Member Kudos: Engineering Program at Frankenmuth High School, Frankenmuth School District

2015 Education Excellence Award Recipient

DashBoard, June 17, 2015

The 20 recipients of the 2015 MASB/SET SEG Foundation Education Excellence Awards are some of the greatest examples of unique and innovative public school programs in the state of Michigan. Over the next few months, MASB will share the details of each program from their applications, presented in alphabetical order by district. This week we highlight the Engineering Program at Frankenmuth High School in Frankenmuth School District.

These engineering students were asked to explore the field of biometrics. They decided to engineer a prosthetic hand. They designed the hand, printed the parts on the 3-D printer and assembled the hand. The assembled hand actually picks up objects.

Description: Ten years ago, FSD adopted the following vision—High Academic Achievement for All and a Place for ALL Students. Research shows that students who participate in extracurricular activities perform better in the classroom. One of the groups being slighted included those who had an interest in tinkering and tearing things apart, the inventors and the problem solvers.

With that in mind, in 2009, teacher Rob Baker approached the Convergence Foundation with his vision to create an engineering program. A grant of $25,000 was awarded to provide start-up funds. Since that time, the Engineering Program has expanded to include three levels and has led to the development of additional extracurricular opportunities for students.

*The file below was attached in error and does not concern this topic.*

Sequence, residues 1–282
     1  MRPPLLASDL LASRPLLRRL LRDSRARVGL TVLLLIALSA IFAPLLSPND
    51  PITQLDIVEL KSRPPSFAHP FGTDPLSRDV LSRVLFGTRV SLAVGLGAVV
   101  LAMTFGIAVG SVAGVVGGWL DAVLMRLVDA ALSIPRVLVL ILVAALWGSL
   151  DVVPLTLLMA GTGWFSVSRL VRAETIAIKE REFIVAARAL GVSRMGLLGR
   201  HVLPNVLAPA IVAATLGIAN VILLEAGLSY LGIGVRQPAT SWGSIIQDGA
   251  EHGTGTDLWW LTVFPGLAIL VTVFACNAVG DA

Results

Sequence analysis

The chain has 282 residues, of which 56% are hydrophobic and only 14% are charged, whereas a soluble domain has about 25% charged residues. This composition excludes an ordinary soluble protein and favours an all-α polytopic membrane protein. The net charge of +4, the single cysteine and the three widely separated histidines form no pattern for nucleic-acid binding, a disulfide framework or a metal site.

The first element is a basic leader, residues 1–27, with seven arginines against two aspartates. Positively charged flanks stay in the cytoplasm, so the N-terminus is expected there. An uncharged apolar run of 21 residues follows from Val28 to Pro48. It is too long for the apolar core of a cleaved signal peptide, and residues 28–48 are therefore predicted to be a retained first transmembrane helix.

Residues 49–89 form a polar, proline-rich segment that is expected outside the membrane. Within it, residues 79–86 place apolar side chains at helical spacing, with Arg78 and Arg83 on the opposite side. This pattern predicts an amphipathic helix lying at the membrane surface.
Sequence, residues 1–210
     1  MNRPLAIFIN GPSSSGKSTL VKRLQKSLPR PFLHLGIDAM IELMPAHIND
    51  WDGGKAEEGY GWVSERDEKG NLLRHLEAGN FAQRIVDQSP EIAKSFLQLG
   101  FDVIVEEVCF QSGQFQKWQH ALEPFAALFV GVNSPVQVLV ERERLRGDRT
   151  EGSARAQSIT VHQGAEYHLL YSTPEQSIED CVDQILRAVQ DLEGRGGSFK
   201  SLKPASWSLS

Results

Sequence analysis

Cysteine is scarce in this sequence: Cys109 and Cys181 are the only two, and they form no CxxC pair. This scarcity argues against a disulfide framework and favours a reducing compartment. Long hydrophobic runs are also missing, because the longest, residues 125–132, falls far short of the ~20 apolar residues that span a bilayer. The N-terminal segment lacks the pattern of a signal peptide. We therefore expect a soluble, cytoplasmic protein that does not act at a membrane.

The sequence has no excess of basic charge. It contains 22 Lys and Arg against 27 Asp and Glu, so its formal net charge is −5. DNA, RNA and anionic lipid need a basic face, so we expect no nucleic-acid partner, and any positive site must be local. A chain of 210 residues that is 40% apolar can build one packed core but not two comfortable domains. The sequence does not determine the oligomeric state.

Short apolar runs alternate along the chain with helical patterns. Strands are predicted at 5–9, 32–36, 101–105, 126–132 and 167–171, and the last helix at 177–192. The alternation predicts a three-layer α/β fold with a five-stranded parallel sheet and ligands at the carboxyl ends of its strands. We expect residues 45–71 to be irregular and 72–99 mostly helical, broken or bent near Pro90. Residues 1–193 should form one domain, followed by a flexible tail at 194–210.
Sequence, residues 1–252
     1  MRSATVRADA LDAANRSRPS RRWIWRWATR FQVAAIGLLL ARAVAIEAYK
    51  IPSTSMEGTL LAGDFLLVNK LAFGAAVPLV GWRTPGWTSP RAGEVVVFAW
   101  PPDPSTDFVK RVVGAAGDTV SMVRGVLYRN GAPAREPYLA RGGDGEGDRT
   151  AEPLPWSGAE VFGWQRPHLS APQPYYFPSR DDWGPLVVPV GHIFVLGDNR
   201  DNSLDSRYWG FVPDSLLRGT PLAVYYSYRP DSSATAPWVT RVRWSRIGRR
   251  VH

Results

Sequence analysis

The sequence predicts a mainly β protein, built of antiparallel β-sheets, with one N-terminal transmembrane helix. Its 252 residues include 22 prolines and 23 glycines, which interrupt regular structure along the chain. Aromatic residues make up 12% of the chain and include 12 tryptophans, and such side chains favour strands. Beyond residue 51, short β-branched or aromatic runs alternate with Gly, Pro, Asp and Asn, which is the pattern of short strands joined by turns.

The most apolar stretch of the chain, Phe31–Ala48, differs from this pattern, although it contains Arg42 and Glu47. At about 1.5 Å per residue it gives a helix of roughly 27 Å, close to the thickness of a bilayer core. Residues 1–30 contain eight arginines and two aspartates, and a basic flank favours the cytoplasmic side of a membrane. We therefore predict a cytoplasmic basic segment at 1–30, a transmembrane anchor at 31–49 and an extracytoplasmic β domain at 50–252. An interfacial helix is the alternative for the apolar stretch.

The goal is to expose students to hand-on projects designed to get them thinking about how things work. Some of the objectives are to ensure students learn an overview of engineering and technology disciplines, basic design and testing protocols, basic elementary engineering theory through projects, explore C++ programming, Maple or MatLab, and Labview, and be encouraged to join competitive or extracurricular clubs.

Funding/Resources: The Engineering Program was initially granted $25,000 in 2009 from the Convergence (Square One) Foundation. Since that time, the cost of all materials/projects associated with the program has been funded through grants and donations. The Frankenmuth Community Foundation and Frankenmuth Insurance Company have recently awarded $15,000 to the engineering program that will fund student projects through 2019. Teacher Rob Baker is employed full-time with the Frankenmuth School District teaching physics and engineering.

Kremin, Inc., a local precision machining and contract manufacturing firm donates resources and space within their shop.  

One of the highlights of the program has been the growth of the entire STEM department working collaboratively to provide cross curricular and extracurricular opportunities for students. Psychology teacher Willy Beck supervises the FIRST Robotics Club, Biology teacher Mr. Culver offers an Underwater Remote Vehicle Club. Shop/CAD teacher Mr.VanArsdale and Mr.Culver are trained in Additive Manufacturing and mentor the students in using 3-D printers.

Outreach: Communication—Students work in groups to design their projects. Communicating with each other is critical in all project work. Students have numerous opportunities to present their projects to various audiences.

This student created a catapult.

Critical Thinking—Engineering provides students with numerous opportunities to think critically.

Student Aaron Krafft, “Engineering is different from any other class I have taken. Rather than being taught how things work, we learn how things work by doing them. Engineering is a class that simulates the real world better than any other class I have taken.”